Catholicism and the DPRK

According to (2011-9-23):

Religious leaders, including Catholic leaders, from democratic South Korea are visiting Communist North Korea, one of the world’s most repressive nations.

“The visit of a delegation of religious leaders in North Korea is a gesture to keep an open channel with the North,” says Bishop Peter Kang of Cheju, president of the bishops’ conference. “But we need to be realistic, and not have any great illusions. Religions will continue to bring humanitarian aid to the population of the North who suffer from hunger, and this is the interest of Pyongyang. Believers in the North are closely monitored and religious freedom is denied.”

Delegation itinerary:

According to KCNA, the delegation arrived in Pyongyang on Sept 21:

A south Korean delegation of 7 religious orders headed by Kim Hui Jung, representative chairman of the South Korean Religionists Council for Peace and head of the Kwangju Archdiocese of the Catholic Church, arrived here on Wednesday.

According to KCNA, the group held a meeting on the 22nd:

A meeting of north-south religionists for national reconciliation, unity and peaceful reunification took place in Pyongyang on Thursday.
Present at the meeting were Jang Jae On, chairman of the Religious Believers Council of Korea; Kang Yong Sop, chairman of the Central Committee of the Christian Federation of Korea; Sim Sang Jin, chairman of the Central Committee of the Buddhist Federation of Korea; Kang Chol Won, vice-chairman of the Central Guidance Committee of the Chondoist Association of Korea; and members of religious organizations.
Also attending it were members of the delegation of south Korea’s 7 religious orders led by Kim Hui Jung, representative chairman of the South Korean Religionists Council for Peace and head of the Kwangju Archdiocese of the Catholic Church.
Speakers at the meeting spoke of the pleasure of representatives of different religious organizations in the north and the south at sitting together and having their meeting for national reconciliation and unity and peaceful reunification.
They noted the meeting would mark a meaningful occasion in demonstrating internally and externally the strong will of the believers in the north and the south to tide over difficulties in the way of national reunification, promote national concord and bring about a new phase of peace and independent reunification.
They called upon believers in the north and the south to advance, holding higher the banner of “By the Korean nation itself” convinced that the implementation of the June 15 joint declaration leads to the reunification and peace of the country.
A joint statement of the believers in the north and the south for national reconciliation, unity and peaceful reunification was made public at the meeting.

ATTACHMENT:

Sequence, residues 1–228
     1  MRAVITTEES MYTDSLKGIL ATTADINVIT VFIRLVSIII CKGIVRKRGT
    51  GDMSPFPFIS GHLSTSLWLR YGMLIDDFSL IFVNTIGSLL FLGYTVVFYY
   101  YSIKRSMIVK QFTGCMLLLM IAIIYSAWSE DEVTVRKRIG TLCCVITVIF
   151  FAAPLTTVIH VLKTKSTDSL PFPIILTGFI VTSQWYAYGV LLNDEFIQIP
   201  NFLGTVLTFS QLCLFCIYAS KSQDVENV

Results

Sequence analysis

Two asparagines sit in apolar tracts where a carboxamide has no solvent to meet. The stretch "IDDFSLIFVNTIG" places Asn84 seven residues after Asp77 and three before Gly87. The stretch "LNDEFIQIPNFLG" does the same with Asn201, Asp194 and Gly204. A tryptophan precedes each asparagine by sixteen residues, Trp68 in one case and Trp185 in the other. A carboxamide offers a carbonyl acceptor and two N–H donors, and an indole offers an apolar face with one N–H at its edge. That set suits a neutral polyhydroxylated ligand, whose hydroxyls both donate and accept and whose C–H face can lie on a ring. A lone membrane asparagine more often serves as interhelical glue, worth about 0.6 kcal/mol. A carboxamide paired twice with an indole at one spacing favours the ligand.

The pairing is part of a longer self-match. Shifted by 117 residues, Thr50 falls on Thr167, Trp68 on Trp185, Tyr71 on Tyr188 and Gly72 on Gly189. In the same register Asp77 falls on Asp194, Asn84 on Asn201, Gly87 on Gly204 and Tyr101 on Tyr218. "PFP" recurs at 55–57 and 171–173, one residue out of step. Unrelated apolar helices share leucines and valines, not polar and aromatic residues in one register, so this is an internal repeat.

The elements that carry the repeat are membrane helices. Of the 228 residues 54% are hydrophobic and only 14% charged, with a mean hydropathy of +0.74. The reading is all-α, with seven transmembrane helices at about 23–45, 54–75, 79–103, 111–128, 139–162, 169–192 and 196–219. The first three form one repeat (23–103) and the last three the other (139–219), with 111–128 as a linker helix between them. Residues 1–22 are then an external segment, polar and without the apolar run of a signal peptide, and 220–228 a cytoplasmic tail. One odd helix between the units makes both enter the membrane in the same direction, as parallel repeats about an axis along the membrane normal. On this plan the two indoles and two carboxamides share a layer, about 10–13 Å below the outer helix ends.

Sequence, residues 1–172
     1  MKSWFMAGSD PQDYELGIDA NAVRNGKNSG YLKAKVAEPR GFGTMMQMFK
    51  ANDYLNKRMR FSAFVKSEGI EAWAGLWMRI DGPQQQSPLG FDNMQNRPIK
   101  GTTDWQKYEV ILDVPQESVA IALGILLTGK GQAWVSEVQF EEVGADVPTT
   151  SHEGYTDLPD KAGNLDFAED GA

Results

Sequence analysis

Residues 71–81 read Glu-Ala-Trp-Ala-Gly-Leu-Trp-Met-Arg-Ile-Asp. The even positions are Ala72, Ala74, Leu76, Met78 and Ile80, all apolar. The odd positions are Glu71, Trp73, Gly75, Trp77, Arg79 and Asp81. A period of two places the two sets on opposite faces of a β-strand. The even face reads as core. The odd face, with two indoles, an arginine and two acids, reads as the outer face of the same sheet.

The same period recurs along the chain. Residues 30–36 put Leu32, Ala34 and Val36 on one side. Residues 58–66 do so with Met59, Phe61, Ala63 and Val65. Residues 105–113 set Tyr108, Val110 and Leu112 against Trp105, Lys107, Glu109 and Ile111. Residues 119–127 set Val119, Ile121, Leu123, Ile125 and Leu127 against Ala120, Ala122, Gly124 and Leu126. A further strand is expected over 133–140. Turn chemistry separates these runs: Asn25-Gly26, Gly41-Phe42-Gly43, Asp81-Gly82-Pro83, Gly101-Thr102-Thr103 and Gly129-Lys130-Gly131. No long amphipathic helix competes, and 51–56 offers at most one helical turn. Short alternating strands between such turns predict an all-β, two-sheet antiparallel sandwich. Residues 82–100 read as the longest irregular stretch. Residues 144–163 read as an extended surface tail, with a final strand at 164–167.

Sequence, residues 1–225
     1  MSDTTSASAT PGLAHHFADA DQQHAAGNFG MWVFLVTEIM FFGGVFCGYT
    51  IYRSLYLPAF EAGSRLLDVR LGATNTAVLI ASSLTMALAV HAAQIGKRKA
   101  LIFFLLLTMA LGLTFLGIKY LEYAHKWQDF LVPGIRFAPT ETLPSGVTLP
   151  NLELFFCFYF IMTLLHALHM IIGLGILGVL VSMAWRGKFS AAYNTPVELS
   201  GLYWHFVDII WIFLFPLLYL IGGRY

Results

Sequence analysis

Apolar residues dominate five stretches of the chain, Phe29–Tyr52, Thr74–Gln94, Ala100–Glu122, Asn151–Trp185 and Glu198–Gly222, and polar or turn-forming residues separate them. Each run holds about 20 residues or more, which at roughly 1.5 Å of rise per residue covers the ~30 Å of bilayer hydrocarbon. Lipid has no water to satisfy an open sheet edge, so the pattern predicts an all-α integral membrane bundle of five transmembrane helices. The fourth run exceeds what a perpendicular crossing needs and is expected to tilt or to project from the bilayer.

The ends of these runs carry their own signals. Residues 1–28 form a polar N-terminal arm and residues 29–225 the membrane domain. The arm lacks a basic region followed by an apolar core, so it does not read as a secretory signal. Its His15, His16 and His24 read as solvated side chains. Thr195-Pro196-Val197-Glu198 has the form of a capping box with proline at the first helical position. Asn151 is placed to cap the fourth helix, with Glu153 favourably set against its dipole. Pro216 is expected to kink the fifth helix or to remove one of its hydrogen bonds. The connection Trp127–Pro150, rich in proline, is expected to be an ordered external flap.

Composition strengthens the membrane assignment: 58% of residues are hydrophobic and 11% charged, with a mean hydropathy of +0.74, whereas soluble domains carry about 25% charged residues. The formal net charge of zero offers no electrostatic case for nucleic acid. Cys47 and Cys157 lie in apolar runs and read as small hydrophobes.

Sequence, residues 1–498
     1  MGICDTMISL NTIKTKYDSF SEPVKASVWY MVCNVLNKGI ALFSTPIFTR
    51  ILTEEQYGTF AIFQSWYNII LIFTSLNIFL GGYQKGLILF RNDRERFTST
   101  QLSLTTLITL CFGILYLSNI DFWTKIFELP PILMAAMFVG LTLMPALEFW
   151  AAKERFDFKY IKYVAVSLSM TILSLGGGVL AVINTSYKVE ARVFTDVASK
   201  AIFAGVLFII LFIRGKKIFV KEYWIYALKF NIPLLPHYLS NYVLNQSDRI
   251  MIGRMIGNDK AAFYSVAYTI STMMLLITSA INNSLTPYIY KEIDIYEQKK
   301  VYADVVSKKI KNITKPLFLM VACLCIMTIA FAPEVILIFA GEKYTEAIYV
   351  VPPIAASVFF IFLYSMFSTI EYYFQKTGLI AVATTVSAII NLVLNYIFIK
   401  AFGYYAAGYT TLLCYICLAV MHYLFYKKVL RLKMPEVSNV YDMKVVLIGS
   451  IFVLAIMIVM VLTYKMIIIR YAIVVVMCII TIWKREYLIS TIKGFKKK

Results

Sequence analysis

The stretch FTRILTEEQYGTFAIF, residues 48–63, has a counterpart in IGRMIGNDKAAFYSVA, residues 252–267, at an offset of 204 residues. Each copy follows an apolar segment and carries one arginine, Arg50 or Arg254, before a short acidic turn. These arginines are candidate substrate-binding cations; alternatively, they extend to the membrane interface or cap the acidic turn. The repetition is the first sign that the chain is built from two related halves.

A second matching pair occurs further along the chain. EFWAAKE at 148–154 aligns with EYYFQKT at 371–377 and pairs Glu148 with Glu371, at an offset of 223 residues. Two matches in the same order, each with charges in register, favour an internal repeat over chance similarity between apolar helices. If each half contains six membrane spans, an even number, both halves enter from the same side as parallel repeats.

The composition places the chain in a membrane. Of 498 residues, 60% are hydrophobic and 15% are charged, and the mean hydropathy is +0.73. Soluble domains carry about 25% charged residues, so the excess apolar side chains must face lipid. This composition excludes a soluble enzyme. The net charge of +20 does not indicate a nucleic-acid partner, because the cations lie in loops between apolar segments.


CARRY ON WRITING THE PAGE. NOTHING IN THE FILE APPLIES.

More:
The statement said that they would make positive efforts to defuse antagonism and distrust, tension and confrontation between compatriots, remove the danger of war and ensure durable peace.
It stressed the need to solve all the problems between the north and the south in conformity with the will and interests common to the nation.
It went on:
The Religious Believers Council of Korea in the north and the south Korean Religionists Council for Peace will regularly hold meetings to boost dialogue and cooperation between themselves and actively conduct a movement to achieve the unity of believers and reunification.
The statement ardently called upon all the Koreans in the north and the south and abroad to join as one in the drive for national reconciliation, unity, peace and reunification.

According to KCNA, following the meeting the delegation visited Mangyongdae, Mt. Paektu, the Arch of Triumph, the Taedonggang Combined Fruit Farm and its new processing factory, and saw “Arirang”.

On Sept24, the delegation departed.

Some history:

Around the time of the delegation’s visit, Kwang On-yoo sent out the following information to the Korean Studies list:

Just before the Korean War there were 52 Catholic parishes in the North, with some 50,000 believers in three dioceses, Pyongyang, Hamhung and Chunchon, plus a territorial abbey that was a direct subject of the Holy See.

After the end of the Korean War and the resulting division of the nation, the Vatican handed over the Apostolic administration of the North Korean dioceses to bishops in South Korea.

The current Archbishop of Seoul, Cardinal Cheong Jin-suk, is the Apostolic Administrator for Pyongyang and Hamhung while Bishop Kim Un-hwi of the Chunchon diocese in South Korea is the Apostolic Administrator of Chunchon diocese in North Korea.

Over the years, requests by the South Korean Bishops for pastoral visits to the North Korean dioceses have repeatedly been denied.

Since 1988, the North Korea regime has presented Jangchung ” Cathedral” [See satellite image here], the only so called Catholic church in North Korea, to outsiders as a shining example of North Korean Catholicism with hundreds of parishioners. Actually, the church has no functioning priest and no sacraments.

In April, a Seoul based North Korean defector’s radio station, Free North Korea, alleged that Jangchung Church is in fact a clandestine cocaine factory where cocaine is manufactured for illegal export, to generate much needed foreign currency.

This is the current state of North Korean Catholicism.

I do not have any reason to believe that the church is used to produce cocaine since it has been effective at generating revenue and assets from abroad (especially South Korea) through more “traditional” methods–such as facilitating the recent delegation.


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